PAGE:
By viewing their peers’ pages early in the process, students gain knowledge about range of online resources in their field. This assignment also prepares students to properly cite sources beyond the course text and Wikipedia. The assignment also requires students to use various features of the ePortfolio, including rss feeds, images, files and journals. The ePortfolio allows information to be clearly organized and presented.

The assignment is generally limited to the class. However, students have viewed the work of previous students. This allows students to learn and build on the history of the course in order to deepen their understanding of the material. Because the final exam stems from this assignment, students have extra motivation to spend time review one another’s work and adding valuable feedback.

At the end of the assignment, Dr. Wier plans to get student feedback though a Qualtrics survey.  Dr. Wier intends to distribute the survey prior to the final exam and count the survey as part of their participation grade. The reflection would not receive a letter grade. This survey is currently in development.

Students gain awareness of the relevancy of various types of bacteria in current events and research.   The cumulative nature of the assignment requires students to acquire a detailed knowledge of their topic, more so than the process of writing a final paper. This assignment does not allow students to cram their research into one night before the deadline.

  Supporting Documentation

Katelyn Spadalik:

Katelyn Spadalik

Mark De Jesus:Mark De Jesus

Paul Grey:

Paul Gray

Khushbu Kanani:

Khusnbu Kanani

Impact and Evidence

This assignment helps students develop inquiry-based learning skills, and develop their writing. Students also establish a solid foundation in ePortfolios that goes beyond basic file-uploading. As we continue to work with the biology department to further develop their use of ePortfolio across the department, Dr Wier’s course will be a key point of interaction with ePortfolios.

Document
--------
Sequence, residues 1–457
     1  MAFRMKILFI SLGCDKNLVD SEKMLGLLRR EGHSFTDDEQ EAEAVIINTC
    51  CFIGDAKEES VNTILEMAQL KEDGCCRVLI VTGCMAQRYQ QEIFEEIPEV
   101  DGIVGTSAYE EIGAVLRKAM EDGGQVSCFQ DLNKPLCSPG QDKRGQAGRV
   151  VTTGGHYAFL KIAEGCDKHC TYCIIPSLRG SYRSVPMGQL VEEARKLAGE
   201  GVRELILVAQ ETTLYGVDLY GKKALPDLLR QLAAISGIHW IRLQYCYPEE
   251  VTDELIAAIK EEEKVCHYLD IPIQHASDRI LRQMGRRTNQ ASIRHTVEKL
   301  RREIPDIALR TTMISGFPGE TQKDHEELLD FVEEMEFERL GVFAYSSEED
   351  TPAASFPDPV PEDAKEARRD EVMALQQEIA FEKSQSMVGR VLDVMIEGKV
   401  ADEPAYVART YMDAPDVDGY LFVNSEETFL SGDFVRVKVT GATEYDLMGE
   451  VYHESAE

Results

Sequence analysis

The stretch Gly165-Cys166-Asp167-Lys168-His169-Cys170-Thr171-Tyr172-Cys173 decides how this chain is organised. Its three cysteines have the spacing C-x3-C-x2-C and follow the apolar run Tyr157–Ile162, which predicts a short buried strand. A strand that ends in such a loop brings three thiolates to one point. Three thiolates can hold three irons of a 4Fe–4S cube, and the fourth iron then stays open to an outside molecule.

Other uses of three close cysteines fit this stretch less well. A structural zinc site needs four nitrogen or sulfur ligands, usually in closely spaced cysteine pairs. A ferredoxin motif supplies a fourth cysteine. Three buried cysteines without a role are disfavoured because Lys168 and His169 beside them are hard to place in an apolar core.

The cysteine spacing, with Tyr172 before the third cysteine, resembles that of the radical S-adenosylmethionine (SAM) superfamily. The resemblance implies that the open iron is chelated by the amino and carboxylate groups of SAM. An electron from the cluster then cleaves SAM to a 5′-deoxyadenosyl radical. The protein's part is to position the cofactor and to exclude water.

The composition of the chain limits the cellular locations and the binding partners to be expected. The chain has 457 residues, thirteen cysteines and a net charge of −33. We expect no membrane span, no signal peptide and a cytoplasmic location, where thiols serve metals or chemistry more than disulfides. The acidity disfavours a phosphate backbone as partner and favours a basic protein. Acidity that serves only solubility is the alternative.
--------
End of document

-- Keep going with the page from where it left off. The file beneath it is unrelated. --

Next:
Dr. Wier feels that the social pedagogy aspect of the assignment encourages better quality work. The requirement to share their ePortfolios with the University, rather than restricting access to the course, students are more conscious to develop a better page with quality content and design. It is hoped that the impact of the assignment will be measured to the student’s perceptions of the social interaction though ePortfolios. The results will be captured through Qualtrics survey.

The team was able to experience the impact this assignment had on students when three of them attended our Lunch and Learn on ePortfolios last month. As students presented their microbiology pages, the audience was able to sense their enthusiasm, which helped encourage some of our more hesitant faculty. One student noted that at the beginning of the semester, she thought the assignment was “busy work,” but by the end, was surprised how much she enjoyed it.

Connections to other Polished Practices

This assignment ties in with many of our previous jams. This assignment can be seen as an example of “scaling up,”as it represents a piece of the progress we are making with the biology department. Dr. Wier is an alumni of our ePortfolio Teaching Circle, which we discussed in our Professional Development Practice. In terms out outcomes assessment, our interdisciplinary assessment committee will be reviewing Dr. Wier’s students’ work. The various types of technology tools students use to build their multi-media microbiology pages relate to our technology story.

Next Steps

Dr. Wier also teaches an introductory biology course which is a required course for all majors. This assignment can be adapted to fit the needs of this course, which will reach more students, and perhaps some non-biology students. We hope Dr. Weir’s work will be a motivator for faculty involved in the biology internship course to use and evaluate the e-Portfolio platform.